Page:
As the Church begins this Year of Mercy, OSV is happy to select Watkins as a 2015 Catholic of the Year.

Maryann Gogniat Eidemiller writes from Pennsylvania.


Dr. Janet Smith

Conference organizer advances dialogue on Church’s care to those with same-sex attraction

Dr. Janet Smith

By Michelle Martin

The shift on views of homosexuality among Catholics and non-Catholics alike has been nothing less than seismic, with majorities of both Catholics and the general public supporting the right of homosexual couples to marry.

When the Supreme Court’s June ruling on Obergefell v. Hodges made same-sex marriage legal in all 50 states, about 57 percent of Catholics agreed with the decision, according to the Pew Research Center.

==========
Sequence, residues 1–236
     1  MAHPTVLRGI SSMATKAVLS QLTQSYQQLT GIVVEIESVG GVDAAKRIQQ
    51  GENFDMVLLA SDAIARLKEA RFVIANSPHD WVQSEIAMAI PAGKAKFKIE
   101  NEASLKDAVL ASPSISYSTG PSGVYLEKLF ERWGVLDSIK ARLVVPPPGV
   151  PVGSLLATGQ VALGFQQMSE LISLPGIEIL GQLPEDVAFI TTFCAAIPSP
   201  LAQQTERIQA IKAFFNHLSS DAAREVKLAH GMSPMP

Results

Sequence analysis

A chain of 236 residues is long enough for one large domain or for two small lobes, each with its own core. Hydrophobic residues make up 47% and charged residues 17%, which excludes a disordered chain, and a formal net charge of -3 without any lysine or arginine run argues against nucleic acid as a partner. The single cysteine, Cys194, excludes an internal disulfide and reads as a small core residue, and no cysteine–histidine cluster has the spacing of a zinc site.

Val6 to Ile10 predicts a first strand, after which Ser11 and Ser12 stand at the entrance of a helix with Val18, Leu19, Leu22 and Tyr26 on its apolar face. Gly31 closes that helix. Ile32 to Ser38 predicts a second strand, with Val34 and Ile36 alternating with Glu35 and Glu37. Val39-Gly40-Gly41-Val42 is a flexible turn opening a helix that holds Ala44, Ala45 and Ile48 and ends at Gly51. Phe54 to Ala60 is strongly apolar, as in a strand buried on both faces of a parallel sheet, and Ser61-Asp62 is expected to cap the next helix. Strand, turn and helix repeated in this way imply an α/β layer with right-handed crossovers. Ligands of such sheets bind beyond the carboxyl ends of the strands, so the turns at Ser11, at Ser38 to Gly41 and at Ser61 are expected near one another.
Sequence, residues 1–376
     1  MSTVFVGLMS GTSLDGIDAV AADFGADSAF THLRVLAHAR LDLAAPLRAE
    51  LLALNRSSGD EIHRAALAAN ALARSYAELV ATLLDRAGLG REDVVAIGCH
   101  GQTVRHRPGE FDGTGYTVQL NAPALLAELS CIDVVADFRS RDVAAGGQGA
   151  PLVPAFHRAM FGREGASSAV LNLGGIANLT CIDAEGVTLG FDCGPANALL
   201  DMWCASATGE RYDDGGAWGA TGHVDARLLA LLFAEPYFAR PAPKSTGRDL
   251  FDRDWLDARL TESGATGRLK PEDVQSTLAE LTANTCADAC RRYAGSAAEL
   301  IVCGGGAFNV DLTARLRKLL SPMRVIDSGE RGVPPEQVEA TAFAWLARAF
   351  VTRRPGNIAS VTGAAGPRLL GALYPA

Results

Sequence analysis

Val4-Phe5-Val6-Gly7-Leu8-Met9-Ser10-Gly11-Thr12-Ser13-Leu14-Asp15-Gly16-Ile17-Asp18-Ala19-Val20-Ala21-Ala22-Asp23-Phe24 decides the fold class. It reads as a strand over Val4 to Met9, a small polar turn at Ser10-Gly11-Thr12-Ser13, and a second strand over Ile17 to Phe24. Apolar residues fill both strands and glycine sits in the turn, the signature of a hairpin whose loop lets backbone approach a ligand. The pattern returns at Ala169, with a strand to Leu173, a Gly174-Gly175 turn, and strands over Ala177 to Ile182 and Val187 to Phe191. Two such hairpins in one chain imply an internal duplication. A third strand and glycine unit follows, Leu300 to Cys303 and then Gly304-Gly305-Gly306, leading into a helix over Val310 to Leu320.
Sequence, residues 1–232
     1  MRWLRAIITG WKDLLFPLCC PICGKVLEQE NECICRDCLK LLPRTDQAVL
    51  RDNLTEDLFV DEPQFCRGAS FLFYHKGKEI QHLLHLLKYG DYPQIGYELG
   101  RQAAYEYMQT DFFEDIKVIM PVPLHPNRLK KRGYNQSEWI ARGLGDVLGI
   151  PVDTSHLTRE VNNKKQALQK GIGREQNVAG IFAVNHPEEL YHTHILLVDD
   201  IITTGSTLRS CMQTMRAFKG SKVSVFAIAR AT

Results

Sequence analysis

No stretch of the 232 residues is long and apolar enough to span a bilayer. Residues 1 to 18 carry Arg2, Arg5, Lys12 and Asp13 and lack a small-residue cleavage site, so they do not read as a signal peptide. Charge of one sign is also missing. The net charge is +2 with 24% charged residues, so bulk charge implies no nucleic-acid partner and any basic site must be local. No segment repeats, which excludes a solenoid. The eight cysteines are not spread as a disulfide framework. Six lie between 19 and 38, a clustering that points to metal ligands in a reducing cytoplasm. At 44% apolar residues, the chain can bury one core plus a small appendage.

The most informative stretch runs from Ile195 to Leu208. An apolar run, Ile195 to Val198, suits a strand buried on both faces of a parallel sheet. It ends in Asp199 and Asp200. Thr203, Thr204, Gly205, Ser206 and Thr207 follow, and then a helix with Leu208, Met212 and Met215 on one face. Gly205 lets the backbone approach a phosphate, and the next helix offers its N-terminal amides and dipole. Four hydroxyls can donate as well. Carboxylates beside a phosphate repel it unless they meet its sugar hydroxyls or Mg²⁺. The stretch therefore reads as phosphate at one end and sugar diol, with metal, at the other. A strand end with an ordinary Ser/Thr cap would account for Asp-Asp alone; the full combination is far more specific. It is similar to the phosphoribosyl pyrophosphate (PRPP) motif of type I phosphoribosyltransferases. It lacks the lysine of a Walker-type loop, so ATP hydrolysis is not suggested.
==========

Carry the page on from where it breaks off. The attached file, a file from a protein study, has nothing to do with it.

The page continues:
That was the environment that Dr. Janet E. Smith was facing when she joined with Father Paul Check, executive director of Courage International, in organizing “Welcoming and Accompanying our Brothers and Sisters with Same-Sex Attraction,” a three-day conference near Detroit on how best to minister to men and women who experience same-sex attraction.

“There is absolutely no doubt that the Church has an enormous space to grow in how it ministers to people with same-sex attraction,” Smith said in an interview with OSV. “And of course, our culture has become so tolerant and accepting of same-sex behavior and same-sex marriage that we really need to know how to think about these things and how to act upon them.”

Smith holds the Father Michael J. McGivney Chair of Life Ethics at Sacred Heart Major Seminary in Detroit and works mostly in the area of sexual ethics and bioethics. She is serving a third term as a consulter to the Pontifical Council on the Family.